Founded in 1999, Silver Lake is a private equity firm headquartered in Menlo Park, California. The firm seeks to invest in disruptive technology, technology-enabled and related growth companies.
I’d have a greater degree of comfort if RA had provided a clear growth strategy and quantified at least projections for that strategy. What I’ve seen to date is a bit amorphous: “We’ll be creating an endowment fund that will tender to the grassroots,” McLennan said. “We’ll put more money back
into the game at all levels. But it could be bringing the top players back from overseas, investing in infrastructure, grassroots, boys and girls, every facet of the game.”
I like the idea of an endowment fund; it would’ve been a great way to’ve used the windfall from RWC2023. Endowment funds usually work so that the initial capital is invested and the income generated is then used to finance activities. So, this suggests funds are obtained from PE, in return for a percentage of RA’s revenue in perpetuity, then invested to generate income. It seems a convoluted way of funding grassroots, compared to just doing it direct from revenue or from, say, a RWC2027 windfall.
There are clear downsides to PE, including adopting initiatives that risk effecting the game’s values and using the funds on things that are expenses, not investments (e.g., increasing administration costs, one off promotional event, paying for marquee players).
Personally, I think there’s been too much dejection over Wallabies’ and Super Rugby performances in the few years up to 2021. I’m not convinced that a good 2023 SR season followed by a creditable RWC showing won’t bolster revenue enough so that PE isn’t necessary. But if it is done then the injection of funds better achieve something immediate, that couldn’t be done by more gradual growth.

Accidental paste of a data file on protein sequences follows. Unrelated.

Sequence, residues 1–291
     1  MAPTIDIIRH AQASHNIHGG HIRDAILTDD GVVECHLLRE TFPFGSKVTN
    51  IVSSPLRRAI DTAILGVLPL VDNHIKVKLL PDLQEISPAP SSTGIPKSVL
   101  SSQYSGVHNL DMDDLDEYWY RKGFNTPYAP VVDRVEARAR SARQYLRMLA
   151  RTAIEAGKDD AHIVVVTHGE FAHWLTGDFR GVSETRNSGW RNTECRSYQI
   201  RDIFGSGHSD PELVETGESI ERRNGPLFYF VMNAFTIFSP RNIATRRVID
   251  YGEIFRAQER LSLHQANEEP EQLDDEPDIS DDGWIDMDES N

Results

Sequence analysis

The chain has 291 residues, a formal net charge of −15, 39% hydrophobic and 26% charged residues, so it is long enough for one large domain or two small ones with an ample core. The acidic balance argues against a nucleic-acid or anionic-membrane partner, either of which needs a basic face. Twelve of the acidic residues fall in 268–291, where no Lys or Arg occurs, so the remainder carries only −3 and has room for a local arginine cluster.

These appear to me to be possibilities for increasing the total “value” of rugby in Australia. However, will they result in a viable more profitable asset in say five years?
* An NPC or national club competition with a broader footprint than Super Rugby, matching the NBL, for example, with teams in South Australia and Western Sydney.
* A broad-based National Women’s competition.
* A mechanism to expand rugby penetration in schools (boys and girls) with integration to clubs.
Aussie trio of Harry Wilson, Len Ikitau and Taniela Tupou look offshore post-RWC. For Harry, in the current Wob environment he might as well go. Nela is fuqed with his Achilles injury. Len is the one I’d be most concerned about leaving (and not only because he’s a pony) – article here
Interestingly, this ties in with the potential squad members for whomever the new England coach is. Gee, the RFU have put that person in a no-win situation. Do you stick with the squad you have, or change it up? It’d take a brave person to take on that poisoned chalice now. Perhaps KB, EP (purely by geography, not through fuqs given) and other dodgers of soap can enlighten us on potential SD sides for the 6N and Bill – article here
World Schools competition has started in the proud rugby nation of Thailand with games livestreamed on RugbyPass’s YouTube channel. Needless to say, the coverage is average and looks like a typically “well organised rugby competition”; hopefully you can all sense my sarcasm.
Happy Wednesday, folks!